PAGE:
8 successful tech leaders who overcame a learning disability called dyslexia
Justin Sullivan/Getty When you get caught up in the billion- dollar success stories of tech entrepreneurs, it’s easy to overlook some of the adversities they had to overcome.
When you get caught up in the billion- dollar success stories of tech entrepreneurs, it’s easy to overlook some of the adversities they had to overcome.
But some of the most successful tech leaders have faced a reading disorder called dyslexia. It’s a form of learning disability that hampers your ability to read or write.
About 10% to 15% of the US population are dyslexic, but only a small portion of them recognize it and receive treatment.
These 8 tech entrepreneurs and CEOs didn’t let their reading disabilities to slow them down.
Apple’s Steve Jobs
Title: Founder and ex-CEO of Apple
Net worth: $10.2 billion (as of 2011)
Jobs grew up with dyslexia, but that didn’t stop him from building one of the most innovative tech companies ever. Jobs didn’t show any signs of a reading disorder in his career. And it didn’t hamper his public speaking either. He’s still considered one of the all-time greats.
Virgin’s Richard Branson
Title: Founder of Virgin Group
Net worth: $4.8 billion
Branson was also dyslexic, which made him fail school exams and get terrible IQ scores. But he was still able to launch Virgin Group in 1970 and turn it into a massive conglomerate making over $24 billion in annual sales.
Cisco’s John Chambers
Title: CEO of Cisco
Net worth: $1 billion
Chambers says having dyslexia affected his self-esteem, and even to this day, his hands sweat when he talks about it. But he says it’s also helped think faster, as he told Business Insider, “I can go A, B … Z with speed.”
HP’s Bill Hewlett
Title: Cofounder of Hewlett-Packard (HP)
Net worth: $9 billion (as of 2001)
Hewlett’s early academic record was unimpressive as he struggled with dyslexia. But it also led him to develop remarkable memorization skills. After graduating from Stanford, he launched HP with his friend David Packard, and the rest is history.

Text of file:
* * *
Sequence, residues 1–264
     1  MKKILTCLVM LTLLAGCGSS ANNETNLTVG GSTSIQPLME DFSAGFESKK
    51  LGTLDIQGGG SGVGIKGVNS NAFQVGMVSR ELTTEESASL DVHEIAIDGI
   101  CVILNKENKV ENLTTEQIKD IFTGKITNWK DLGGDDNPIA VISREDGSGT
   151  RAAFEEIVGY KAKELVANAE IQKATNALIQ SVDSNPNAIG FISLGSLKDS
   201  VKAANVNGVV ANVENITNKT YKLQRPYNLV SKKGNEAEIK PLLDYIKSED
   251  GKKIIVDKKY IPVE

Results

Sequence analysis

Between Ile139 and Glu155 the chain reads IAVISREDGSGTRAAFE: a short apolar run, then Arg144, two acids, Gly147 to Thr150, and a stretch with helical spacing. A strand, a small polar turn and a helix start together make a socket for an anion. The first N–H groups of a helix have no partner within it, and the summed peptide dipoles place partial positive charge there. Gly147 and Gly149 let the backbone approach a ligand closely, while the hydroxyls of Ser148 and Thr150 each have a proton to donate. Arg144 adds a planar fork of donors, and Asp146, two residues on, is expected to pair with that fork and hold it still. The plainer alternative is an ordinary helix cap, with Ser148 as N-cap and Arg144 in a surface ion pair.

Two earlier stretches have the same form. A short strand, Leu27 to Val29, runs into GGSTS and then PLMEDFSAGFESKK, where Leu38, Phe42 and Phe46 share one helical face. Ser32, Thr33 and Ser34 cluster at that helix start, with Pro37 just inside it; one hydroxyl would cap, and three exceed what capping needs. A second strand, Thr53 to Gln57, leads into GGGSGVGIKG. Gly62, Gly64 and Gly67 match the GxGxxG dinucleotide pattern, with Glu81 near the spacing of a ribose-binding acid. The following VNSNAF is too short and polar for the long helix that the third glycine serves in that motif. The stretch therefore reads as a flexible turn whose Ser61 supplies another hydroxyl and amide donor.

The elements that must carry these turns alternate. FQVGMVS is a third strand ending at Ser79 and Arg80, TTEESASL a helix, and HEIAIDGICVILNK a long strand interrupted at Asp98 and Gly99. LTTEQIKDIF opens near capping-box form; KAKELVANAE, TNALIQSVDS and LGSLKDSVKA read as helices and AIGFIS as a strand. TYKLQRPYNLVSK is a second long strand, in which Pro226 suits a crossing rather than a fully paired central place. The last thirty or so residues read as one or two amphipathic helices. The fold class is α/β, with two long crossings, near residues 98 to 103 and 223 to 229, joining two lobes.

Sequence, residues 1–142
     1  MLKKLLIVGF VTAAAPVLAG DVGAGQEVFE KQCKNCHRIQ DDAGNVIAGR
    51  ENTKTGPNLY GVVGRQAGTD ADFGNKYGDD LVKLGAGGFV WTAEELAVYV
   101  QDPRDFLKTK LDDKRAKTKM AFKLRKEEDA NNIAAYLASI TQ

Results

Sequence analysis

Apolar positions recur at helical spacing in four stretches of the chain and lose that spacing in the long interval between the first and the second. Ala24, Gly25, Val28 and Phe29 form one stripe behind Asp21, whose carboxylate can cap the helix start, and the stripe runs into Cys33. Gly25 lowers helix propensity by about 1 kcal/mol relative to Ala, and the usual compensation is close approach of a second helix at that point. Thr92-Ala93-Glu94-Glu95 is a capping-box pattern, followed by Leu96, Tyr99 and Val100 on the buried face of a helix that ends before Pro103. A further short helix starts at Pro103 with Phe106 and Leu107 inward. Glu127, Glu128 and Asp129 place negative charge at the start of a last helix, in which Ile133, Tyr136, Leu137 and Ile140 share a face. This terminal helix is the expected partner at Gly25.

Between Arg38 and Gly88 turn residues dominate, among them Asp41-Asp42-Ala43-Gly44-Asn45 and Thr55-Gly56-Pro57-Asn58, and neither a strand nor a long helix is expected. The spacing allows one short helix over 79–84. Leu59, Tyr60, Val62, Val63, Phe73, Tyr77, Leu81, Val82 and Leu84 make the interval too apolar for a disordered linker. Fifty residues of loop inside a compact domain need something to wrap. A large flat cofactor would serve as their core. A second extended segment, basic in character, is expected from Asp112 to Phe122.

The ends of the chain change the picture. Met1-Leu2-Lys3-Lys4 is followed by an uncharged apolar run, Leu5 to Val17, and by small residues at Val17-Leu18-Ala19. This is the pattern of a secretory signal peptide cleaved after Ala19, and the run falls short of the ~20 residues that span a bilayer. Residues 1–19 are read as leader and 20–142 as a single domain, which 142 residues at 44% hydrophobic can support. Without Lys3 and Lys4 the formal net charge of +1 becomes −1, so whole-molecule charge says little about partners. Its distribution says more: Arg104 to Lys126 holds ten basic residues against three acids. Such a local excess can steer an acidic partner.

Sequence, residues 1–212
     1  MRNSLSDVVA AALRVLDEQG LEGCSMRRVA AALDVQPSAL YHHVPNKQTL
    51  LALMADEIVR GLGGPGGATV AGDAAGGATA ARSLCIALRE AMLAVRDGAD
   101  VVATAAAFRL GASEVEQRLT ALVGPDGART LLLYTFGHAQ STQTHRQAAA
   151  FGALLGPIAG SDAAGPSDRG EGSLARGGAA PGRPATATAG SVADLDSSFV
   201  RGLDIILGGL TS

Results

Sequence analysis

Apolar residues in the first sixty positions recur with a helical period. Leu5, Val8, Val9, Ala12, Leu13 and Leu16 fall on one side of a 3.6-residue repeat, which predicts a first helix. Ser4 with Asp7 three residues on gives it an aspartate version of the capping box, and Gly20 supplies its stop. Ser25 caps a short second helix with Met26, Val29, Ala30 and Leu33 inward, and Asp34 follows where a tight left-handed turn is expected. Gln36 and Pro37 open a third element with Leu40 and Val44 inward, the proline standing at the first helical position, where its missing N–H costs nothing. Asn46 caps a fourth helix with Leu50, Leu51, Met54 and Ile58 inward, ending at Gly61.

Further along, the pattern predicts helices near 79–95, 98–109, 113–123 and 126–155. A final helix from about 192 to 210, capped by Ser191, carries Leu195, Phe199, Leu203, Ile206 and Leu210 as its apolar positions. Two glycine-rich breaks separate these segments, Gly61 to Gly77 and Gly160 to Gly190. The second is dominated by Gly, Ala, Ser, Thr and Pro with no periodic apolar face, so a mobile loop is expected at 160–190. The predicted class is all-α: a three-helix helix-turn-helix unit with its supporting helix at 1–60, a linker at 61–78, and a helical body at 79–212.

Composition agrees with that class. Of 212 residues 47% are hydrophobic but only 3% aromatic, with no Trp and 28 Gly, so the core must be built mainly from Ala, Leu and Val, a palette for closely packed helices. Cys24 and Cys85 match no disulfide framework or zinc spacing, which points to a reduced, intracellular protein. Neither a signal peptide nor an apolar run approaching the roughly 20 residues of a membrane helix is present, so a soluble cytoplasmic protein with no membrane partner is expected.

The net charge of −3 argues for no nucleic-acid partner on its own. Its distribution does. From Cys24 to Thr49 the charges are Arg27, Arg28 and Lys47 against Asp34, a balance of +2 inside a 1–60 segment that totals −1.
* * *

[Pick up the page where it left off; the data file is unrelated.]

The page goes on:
Shark Tank’s Kevin O’Leary
Title: Founder of O’Leary Financial Group; Founder of SoftKey, an educational software
Net worth: $600 million
O’Leary says when he was a child, he could read a book upside down or in front of a mirror – but not if it was put in front of him. Yet, he was still able to overcome dyslexia and build an educational software company that was later sold for over $3.7 billion. Now he’s one of the biggest TV personalities with his role on “Shark Tank.”
Clearwire’s Craig McCaw
Title: Founder of McCaw Cellular and Clearwire Corporation
Net worth: $1.85 billion
McCaw is one of the early pioneers in the cellphone industry, having sold his company, McCaw Cellular for $12.6 billion to AT&T. His next company, Clearwire Corporation, also merged with Sprint Nextel in 2008. McCaw credits part of his success to dyslexia, as he says, “People are either defeated by [dyslexia], or they become much more tenacious.”
Turner Broadcasting’s Ted Turner
Title: Founder of Turner Broadcasting System (including CNN and TNT)
Net worth: $2.2 billion
Turner isn’t shy of sharing his experience growing up with dyslexia. He says it’s why he always surrounds himself with people specialized in different areas, which makes it easy for him to tackle any problem. He’s one of the most successful media moguls, having founded CNN and TBS.
Meckler Media’s Alan Meckler
Title: Chairman and CEO of Meckler Media and Mediabistro.com
Net worth: $400 million
Meckler is one of the leaders in the tech publishing business, having launched magazines like Internet World, CDrom World, and Virtual Reality World. He was also the chairman and CEO of Mediabistro, a website dedicated to media professionals.
But before his business success, Meckler had to overcome dyslexia, which caused him walking and driving issues. He says he still prefers to listen to someone explain a problem to him, rather than reading about it.
Here are some CEOs in other industries who overcame dyslexia, too
Ingvar Kamprad: Ikea’s founder is now worth $3.5 billion.
Tommy Hilfiger: The fashion designer says he “performed poorly in school and was perceived as stupid” when he was a kid.
Paul Orfalea: The founder of Kinko’s says dyslexia helped him see things from a broader perspective. He even wrote a book about dyslexia.
Charles Schwab: The founder of the brokerage firm Charles Schwab is now worth $5.1 billion. He has a foundation that’s dedicated to parents of children diagnosed with dyslexia.
Now that you’ve seen people who overcame learning disabilities…
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